Why a “Revenge Body” Should Not be a Goal

a man and a woman arguing

Content Notice: Discussion of weight loss, brief mention of eating disorder.

We’ve all been there. Some jerk breaks up with us and we have the revenge body fantasy. You know the one. A year post-breakup, we run into our ex at the grocery store. They look grubby, disheveled, and they’re wearing socks with sandals again. Meanwhile, we have had a glow up.

We look great. We’re dressed and made up like a celebrity, we have even lost about 20 pounds, and as they take in our new visage, the ex curses themselves for ever breaking up with such a smokeshow. We see their face fall as they realize their mistake. They mumble their regret and an apology.

You walk away from your ex, feeling powerful, untouchable even. Your ex slinks off to go back to his hollow shell of a life with you, while you continue picking out your groceries, reveling in the realization: you won.

Great fantasy, right? It feels good to think it when you’re post-break up, hurting and feeling less than. Unfortunately, this isn’t how the world works.

Think about it this way: if your partner broke up with you for reasons other than your looks (and this is most likely what happened), changing your looks is not going to be enough to fill them with regret and shame because it is not addressing the root cause of the breakup in the first place.

I remember watching a clip from a British revenge-body makeover show. The clip was of a shy blonde woman confronting her ex, who had treated her badly throughout the relationship, and the man could not have cared less that this woman had gotten a makeover. He didn’t care that he had hurt her, either. He didn’t care because he had broken up with her and he was done with that part of his life.

The man was so cold and dismissive, it made me wonder why this woman cares what this jackass thinks in the first place. But this illustrates the point that it doesn’t matter if you end up being prettier or finding a great new hairstyle. He had broken up with her, most likely for a variety of reasons (most of them probably his fault), and the fact she showed up in new clothes, meant nothing.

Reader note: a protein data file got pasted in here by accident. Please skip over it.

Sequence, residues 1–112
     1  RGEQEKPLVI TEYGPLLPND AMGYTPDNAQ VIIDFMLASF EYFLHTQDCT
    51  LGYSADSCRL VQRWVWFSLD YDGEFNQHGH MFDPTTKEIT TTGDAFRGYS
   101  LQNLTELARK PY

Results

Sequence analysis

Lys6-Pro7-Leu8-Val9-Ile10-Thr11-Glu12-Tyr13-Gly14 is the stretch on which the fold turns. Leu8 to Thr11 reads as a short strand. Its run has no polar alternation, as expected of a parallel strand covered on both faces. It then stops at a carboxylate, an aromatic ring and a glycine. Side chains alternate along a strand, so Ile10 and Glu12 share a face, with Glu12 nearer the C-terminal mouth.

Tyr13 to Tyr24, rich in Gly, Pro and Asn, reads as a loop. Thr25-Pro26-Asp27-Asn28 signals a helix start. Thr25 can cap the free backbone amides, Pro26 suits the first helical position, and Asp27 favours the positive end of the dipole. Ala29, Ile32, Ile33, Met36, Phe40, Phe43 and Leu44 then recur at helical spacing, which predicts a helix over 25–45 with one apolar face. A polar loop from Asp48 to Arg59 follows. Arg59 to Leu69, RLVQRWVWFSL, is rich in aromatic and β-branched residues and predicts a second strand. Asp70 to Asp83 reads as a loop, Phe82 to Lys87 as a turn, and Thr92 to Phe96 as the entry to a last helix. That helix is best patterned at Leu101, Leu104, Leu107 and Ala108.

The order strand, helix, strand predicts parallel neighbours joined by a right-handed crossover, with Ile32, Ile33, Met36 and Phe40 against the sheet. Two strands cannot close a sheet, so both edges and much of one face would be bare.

But on the other hand, if you partner breaks up with your because of your looks, is this even a person worth the time and effort needed to make them jealous? Think about it. Someone breaks up with you saying, “If only you lost 30 pounds and dyed your hair, we could get married and have kids. But alas, you’re a dress size too large!”

Then you internalize their message so much, you dedicate your life to weight loss, spending money on beauty products and services, all in an effort to make them poo their pants in awe should you ever run into them. Are they even worth that amount of effort?

Also, make no mistake, a revenge body is not about self-improvement. It’s not about finding yourself or discovering how you feel best in your own skin. It’s about revenge. On someone who broke your heart.

It’s a common idea, perhaps internalized, that losing weight and looking prettier will solve all our problems. I had this idea in my early 20s when I once lost 70 pounds in a few months through starving myself. I thought once I was thinner, nothing could stop me. I would be a different person, a better person. But I wasn’t. I was just me, with the same self-loathing, and the same real world problems I had when I was wearing larger jeans.

They say the best revenge is living well. However, they don’t say in order to accomplish this, you have to rub it in someone’s face. Making changes after a breakup, and evaluating what happened in the former relationship, are things we should do. Lest we keep repeating the same patterns over again. But we need to understand that the person we should be impressing and working so hard for should be ourselves.

Not only that, but it goes beyond saying that even if our perfect chance meeting happens post-glow up, we would probably be pretty offended if our ex wanted to start dating again just because we were slimmer or better dressed.

What exactly do they want to date in this situation? Our body? Our bathroom counter full of hair care products? What about all the interpersonal problems and issues that undoubtedly actually led to the breakup? They’re all still there.

So what now? As hard as it is after a breakup, we have to leave the past in the past. We dated someone, they ended it, there is more to our lives than this one relationship. Not to mention, there’s so much more for us to do and explore outside of this relationship. Grieve the relationship however you need. But grieve it, because it is dead.

The best thing we can do for ourselves and our lives without this partner in it, is embrace the fact that we are a work in progress, and then find ways to progress. We should never confuse our desire to lose weight with finding ways to truly confront and make peace with the parts of ourselves that are hurting and needing and scared after a breakup. While it sounds natural to want to hurt someone who has hurt us, we owe it to ourselves not to focus on that hurt. We have so many better things to be doing.